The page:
Quarterbacking Knee Pain
Back in the early 90s I used to run extensively at Cal Poly with my friend Garrett. With upwards of 50 miles per week, we ran easily and were in great shape. Fast forward twenty years and we are both involved in helping people recover from running and sports injuries—he runs Peak Physical Therapy in Cupertino.
Now in our forties, we must stretch, occasionally ice, and be constantly vigilant to keep our formerly pain-free bodies functioning. The same is true for the readers of this column. So I thought I would cover some common knee issues and how to approach them.
I asked Garrett to answer a few questions:
TR: What’s the most common knee injury you see in your clinic?
GA: Patellofemoral Syndrome (PF Syndrome). It’s an over-use knee injury. In most cases it involves the patella tendon or Iliotibial (IT) band.
TR: What’s the current thinking on treating knee pain?
GA: Traditionally it was thought that strengthening the quads would help the knee track properly and therefore reduce pain. Newer research now shows that the gluteal muscles (maximus and medius) actually control what the knee does. Because of where the ‘glutes’ attach and the force vectors they create on the leg, they keep the knee in proper alignment with running and jumping activities.
TR: What’s the fastest way to recover from knee surgery?
GA: The first priority after surgery is to reduce/control swelling. Then restoring normal range of motion and strengthening follows. Strengthening is focused on the quad muscle. The job of the quad muscle is to straighten the knee. A person must have good quad strength to return to walking. If quad strength is not achieved a person will always walk with a limp since he/she is unable to straighten the leg fully.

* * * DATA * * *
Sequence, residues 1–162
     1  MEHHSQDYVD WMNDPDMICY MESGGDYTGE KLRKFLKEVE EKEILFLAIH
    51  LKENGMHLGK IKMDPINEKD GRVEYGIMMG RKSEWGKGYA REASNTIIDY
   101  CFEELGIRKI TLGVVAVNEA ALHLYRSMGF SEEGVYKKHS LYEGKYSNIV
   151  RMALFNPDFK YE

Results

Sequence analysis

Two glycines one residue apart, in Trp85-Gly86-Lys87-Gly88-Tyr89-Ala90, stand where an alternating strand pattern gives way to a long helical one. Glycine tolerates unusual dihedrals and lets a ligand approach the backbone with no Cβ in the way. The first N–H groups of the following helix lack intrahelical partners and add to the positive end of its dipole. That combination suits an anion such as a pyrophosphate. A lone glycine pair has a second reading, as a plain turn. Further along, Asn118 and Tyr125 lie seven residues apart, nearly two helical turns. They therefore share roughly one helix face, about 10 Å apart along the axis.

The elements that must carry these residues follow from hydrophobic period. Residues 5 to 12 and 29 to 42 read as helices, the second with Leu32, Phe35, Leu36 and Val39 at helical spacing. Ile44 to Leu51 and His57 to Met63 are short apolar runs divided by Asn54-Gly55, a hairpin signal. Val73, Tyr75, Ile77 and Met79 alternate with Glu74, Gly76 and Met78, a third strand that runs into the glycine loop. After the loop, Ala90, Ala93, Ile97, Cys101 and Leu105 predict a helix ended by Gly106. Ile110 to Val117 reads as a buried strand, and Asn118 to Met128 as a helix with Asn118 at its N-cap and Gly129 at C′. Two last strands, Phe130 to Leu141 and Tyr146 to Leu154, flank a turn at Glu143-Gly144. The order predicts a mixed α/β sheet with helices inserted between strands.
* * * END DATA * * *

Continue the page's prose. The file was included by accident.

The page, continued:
Quarterbacking Your Knee
If you have knee pain here’s a 5-Part Approach I recommend:
- Evaluate Your Issue
First it’s important to identify what kind of knee pain you have and your options. Knee pain ranges from mild arthritic pain to severe bone-on-bone pain where no cartilage remains. An evaluation from an orthopedist or physical therapist is a great place to start.
- Treat the Pain First
In my opinion knee pain should be addressed first, before strengthening should be employed. It could be argued that strengthening resolves the pain, but this is often not the case. You need to be able to handle any rehab program before you can succeed at it.
- One thing at a Time
Pick a therapy and stick with it. Patients often ask me if they should get a cortisone injection and get acupuncture. I recommend doing one or the other so they can know what’s working. The same is true for combining physical therapy with another treatment approach.
- Knee Surgery
My favorite expression here is: “The only minor surgery is ‘someone else’s.” Only consider surgery when you’ve exhausted all options. Start with P.T, acupuncture, and anti-inflammatory herbs or medications. Also consider losing weight reduce joint load, and limit inflammatory foods like sugar and alcohol. Also consider a cortisone injection before surgery.
- Staying strong
Regardless of your philosophy, the body’s approach is ‘use it or lose it.’ That means you’ll need to stick with whatever approach you’ve taken to maintain your balance, stability, and strength.
There are a host of herbs that help to reduce joint pain and inflammation. My top four are Boswellia, Tumeric, Ginger, and Celery Seed. Boswellia is an Indian herb that is remarkably effective and reducing inflammation.
Celery seed is the hallmark herb for small joint (hands & feet) osteoarthritis. As always, you’ll want a high quality extract like those offered by companies like MediHerb (Australia), Gaia (N. Carolina) and HerbPharm (Oregon).
Ready to Treat Your Knee Pain?
In my clinic, I usually see new patients twice a week for 2-4 weeks to relieve pain and inflammation, control swelling, and accelerate recovery from surgery. To get started on your own recovery program, please call at 650-564-9002.